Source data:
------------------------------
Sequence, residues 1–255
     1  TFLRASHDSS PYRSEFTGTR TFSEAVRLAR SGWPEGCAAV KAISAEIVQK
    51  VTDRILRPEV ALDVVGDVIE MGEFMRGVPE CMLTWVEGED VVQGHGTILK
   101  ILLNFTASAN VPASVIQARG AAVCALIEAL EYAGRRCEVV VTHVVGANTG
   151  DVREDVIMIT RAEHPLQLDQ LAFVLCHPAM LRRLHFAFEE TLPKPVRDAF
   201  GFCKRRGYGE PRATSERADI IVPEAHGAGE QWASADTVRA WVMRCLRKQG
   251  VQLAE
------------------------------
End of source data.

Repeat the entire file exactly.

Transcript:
Sequence, residues 1–255
     1  TFLRASHDSS PYRSEFTGTR TFSEAVRLAR SGWPEGCAAV KAISAEIVQK
    51  VTDRILRPEV ALDVVGDVIE MGEFMRGVPE CMLTWVEGED VVQGHGTILK
   101  ILLNFTASAN VPASVIQARG AAVCALIEAL EYAGRRCEVV VTHVVGANTG
   151  DVREDVIMIT RAEHPLQLDQ LAFVLCHPAM LRRLHFAFEE TLPKPVRDAF
   201  GFCKRRGYGE PRATSERADI IVPEAHGAGE QWASADTVRA WVMRCLRKQG
   251  VQLAE